Hacked drones are breaching physical and cyberdefenses to cause disruption and steal data, experts warn.

Drones are a growing threat for law enforcement and business security officers. In the run-up to Christmas 2018, rogue drones grounded planes at London Gatwick, the UK’s second-busiest airport. But, increasingly it’s not just the air traffic controllers sounding the alarms over drones, it’s also the cybersecurity community.

Drones are already being used as one component of cyberattacks, Tony Reeves, a director at consulting and training company Level 7 Expertise, and a former officer in the UK’s Royal Air Force.

With drones costing from as little as $30 to $10,000 or more for specialist professional models, Reeves said, they can be used for any number of different style attacks.

Low cost and easy to use, drones can deliver a “payload” to carry out surveillance, to capture data, or to disrupt networks. Making matters worse, drones are hard to detect and defeat, he said at the recent CRESTCon ethical-hacking conference in London.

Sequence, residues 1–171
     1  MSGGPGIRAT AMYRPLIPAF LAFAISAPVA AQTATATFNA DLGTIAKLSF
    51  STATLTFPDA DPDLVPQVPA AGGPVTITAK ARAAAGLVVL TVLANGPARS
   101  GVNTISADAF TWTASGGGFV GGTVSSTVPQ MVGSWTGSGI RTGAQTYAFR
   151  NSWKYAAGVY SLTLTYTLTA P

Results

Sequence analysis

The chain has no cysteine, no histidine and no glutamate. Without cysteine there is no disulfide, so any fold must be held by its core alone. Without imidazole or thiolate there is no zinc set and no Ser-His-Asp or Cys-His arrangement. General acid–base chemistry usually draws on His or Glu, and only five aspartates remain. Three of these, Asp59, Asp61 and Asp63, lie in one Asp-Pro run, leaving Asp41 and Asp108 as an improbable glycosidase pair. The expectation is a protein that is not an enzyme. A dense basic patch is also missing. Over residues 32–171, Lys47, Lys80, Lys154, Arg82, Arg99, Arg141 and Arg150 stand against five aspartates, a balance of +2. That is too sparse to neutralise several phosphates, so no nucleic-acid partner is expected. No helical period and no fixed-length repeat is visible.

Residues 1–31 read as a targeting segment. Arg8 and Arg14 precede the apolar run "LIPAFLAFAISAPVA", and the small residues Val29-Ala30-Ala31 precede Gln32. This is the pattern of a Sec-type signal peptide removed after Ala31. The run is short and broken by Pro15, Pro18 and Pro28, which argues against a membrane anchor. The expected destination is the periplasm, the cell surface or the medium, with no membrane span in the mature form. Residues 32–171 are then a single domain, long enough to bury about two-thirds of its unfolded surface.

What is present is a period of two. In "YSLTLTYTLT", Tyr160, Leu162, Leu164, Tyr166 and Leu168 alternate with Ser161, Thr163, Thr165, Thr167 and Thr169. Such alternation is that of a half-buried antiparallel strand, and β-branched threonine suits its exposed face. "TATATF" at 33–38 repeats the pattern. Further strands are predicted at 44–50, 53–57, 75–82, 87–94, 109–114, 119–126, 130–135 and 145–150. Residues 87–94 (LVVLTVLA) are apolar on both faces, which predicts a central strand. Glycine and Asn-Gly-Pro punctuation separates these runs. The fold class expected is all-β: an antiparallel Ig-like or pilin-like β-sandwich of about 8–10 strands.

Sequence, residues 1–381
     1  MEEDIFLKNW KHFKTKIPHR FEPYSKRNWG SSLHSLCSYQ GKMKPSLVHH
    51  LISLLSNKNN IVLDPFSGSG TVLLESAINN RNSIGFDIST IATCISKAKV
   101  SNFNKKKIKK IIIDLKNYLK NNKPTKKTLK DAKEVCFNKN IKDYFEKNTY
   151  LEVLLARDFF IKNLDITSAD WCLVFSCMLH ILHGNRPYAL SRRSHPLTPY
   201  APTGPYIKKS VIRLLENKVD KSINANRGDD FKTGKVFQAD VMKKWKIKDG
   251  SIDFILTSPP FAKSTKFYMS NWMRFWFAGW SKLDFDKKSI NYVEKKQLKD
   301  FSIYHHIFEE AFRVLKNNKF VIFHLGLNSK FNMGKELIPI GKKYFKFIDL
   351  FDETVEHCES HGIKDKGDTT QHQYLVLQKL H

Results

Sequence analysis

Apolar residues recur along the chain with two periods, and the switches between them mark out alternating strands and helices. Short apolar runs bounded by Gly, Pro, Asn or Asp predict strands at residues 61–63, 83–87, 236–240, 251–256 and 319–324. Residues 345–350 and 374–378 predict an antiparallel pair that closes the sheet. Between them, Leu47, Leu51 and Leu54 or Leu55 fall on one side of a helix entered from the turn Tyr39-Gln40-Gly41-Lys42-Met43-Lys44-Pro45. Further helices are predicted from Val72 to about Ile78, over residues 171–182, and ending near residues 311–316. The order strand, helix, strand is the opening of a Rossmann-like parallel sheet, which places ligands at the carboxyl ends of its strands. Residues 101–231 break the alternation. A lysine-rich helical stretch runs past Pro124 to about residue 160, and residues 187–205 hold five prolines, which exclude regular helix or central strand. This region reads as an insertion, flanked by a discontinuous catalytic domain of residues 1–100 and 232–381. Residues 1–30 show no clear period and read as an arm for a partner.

Reeves’ firm is unusual in combining cyberdefense work with expertise in intelligence gathering and unmanned aerial vehicles, and plans to use drones as part of an ethical penetration testing program.

“Drones are disruptive, not least because they bring a rapid reduction in the skills operators need,” he said. “You would crash an old-style remote control plane in 30 seconds, if you had no training. But kids can fly today’s drones.”

Law-enforcement agencies and aviation regulators are increasingly concerned about the risks posed by drones. They poses an unacceptable risk to jetliners. The heavy lithium-ion batteries in drones could puncture the skin of an aircraft wing, or smash the blades in an engine. Groups in Syria and Iraq have used modified remote control aircraft as flying bombs.